For those vineyards with traditional bush-trained vines, the plants generally consist of a trunk formed of three stalks, which are pruned by leaving two thumb-lengths of growth per stalk and two buds per length. By limiting the buds we limit the number of shoots, thereby ensuring that the shoots that do grow are vigorous and produce grapes of the best possible quality.
Pruning can be done throughout the entire time the plant is dormant (i.e. when there is no sap movement), from when the leaves fall to when the plant “wakes up” again. The length of the period is determined by the risk of spring frosts, given that if pruning is done too early, the buds will begin to sprout early, which could then expose the shoots to late spring frosts. To prevent this from happening, we prune in January.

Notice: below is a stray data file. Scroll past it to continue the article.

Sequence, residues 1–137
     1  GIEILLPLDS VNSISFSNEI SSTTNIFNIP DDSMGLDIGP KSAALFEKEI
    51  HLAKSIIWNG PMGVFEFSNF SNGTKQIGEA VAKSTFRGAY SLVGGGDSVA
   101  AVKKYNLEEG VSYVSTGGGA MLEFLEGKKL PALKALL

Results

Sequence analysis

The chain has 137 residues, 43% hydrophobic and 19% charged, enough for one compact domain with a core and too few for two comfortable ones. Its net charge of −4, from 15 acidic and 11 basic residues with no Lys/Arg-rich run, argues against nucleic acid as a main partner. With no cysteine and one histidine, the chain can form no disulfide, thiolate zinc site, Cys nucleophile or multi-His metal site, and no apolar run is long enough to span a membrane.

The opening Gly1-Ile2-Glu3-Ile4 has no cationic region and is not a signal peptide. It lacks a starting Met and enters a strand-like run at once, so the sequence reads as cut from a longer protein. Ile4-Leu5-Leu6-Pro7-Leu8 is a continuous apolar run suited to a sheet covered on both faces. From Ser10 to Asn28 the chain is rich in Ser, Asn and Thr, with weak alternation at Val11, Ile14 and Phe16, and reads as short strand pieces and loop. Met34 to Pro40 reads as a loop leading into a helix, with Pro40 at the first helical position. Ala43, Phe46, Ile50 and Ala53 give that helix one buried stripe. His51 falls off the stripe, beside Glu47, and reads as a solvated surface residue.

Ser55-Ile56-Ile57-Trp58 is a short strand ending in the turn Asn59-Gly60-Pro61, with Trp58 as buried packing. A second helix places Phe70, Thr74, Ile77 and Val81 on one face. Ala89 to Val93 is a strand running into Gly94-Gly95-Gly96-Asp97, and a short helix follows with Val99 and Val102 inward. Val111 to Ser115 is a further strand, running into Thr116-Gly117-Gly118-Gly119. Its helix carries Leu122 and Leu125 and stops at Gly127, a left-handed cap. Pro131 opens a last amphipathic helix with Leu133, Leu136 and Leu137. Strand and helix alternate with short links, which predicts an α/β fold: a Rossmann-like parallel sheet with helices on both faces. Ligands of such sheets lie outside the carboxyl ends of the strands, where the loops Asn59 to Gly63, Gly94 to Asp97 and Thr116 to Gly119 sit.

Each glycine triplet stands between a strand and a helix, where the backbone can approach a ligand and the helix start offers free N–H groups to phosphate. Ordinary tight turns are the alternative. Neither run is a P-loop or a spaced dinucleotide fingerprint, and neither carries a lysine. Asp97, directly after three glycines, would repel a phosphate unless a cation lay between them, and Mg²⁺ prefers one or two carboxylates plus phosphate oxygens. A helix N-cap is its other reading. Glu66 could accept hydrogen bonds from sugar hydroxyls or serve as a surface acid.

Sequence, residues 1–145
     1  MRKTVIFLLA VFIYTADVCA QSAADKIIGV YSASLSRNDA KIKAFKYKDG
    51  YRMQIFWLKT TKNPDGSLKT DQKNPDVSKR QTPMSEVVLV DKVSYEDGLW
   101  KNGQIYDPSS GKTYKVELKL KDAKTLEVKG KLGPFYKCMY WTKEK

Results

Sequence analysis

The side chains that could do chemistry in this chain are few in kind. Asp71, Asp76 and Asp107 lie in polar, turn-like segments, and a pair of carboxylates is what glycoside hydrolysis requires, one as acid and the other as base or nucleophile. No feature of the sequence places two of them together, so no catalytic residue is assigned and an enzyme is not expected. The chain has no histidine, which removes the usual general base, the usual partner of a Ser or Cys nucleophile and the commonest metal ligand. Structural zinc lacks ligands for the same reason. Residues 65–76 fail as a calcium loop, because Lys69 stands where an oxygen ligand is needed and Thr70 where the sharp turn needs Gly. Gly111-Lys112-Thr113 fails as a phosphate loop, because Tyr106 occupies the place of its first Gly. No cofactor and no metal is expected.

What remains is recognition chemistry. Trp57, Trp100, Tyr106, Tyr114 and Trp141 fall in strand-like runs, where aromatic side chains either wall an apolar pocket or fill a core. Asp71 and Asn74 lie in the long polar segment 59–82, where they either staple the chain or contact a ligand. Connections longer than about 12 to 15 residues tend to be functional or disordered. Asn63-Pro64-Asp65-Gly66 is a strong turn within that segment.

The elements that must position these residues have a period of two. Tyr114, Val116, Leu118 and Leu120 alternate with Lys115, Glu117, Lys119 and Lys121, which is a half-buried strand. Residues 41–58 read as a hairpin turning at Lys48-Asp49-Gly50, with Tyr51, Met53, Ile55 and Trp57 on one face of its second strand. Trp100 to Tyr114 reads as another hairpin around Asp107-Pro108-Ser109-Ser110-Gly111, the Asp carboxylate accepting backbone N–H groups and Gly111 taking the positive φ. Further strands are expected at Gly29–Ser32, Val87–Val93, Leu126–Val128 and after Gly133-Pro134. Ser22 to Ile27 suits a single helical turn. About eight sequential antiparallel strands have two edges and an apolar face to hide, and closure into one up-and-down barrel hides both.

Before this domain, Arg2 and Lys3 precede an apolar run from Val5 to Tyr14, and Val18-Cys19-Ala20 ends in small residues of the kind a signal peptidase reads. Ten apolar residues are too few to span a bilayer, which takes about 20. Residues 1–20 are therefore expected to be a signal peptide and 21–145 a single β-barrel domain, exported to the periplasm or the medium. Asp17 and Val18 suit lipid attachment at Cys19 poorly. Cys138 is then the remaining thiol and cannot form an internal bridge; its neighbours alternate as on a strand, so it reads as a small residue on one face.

Some of the vines still have grapes on them; these very late, “third-generation” bunches grow high on the vine and are never harvested, as they are not yet ripe at harvest time and would have a negative impact on the quality of the wine. By harvesting all our grapes by hand, at Sonsierra we can ensure we only select the best bunches.
The stems that are cut off during pruning are gathered up in bunches and used throughout the year for roasting the famous Rioja-style lamb chops – a local dish you simply must try if you ever visit our region!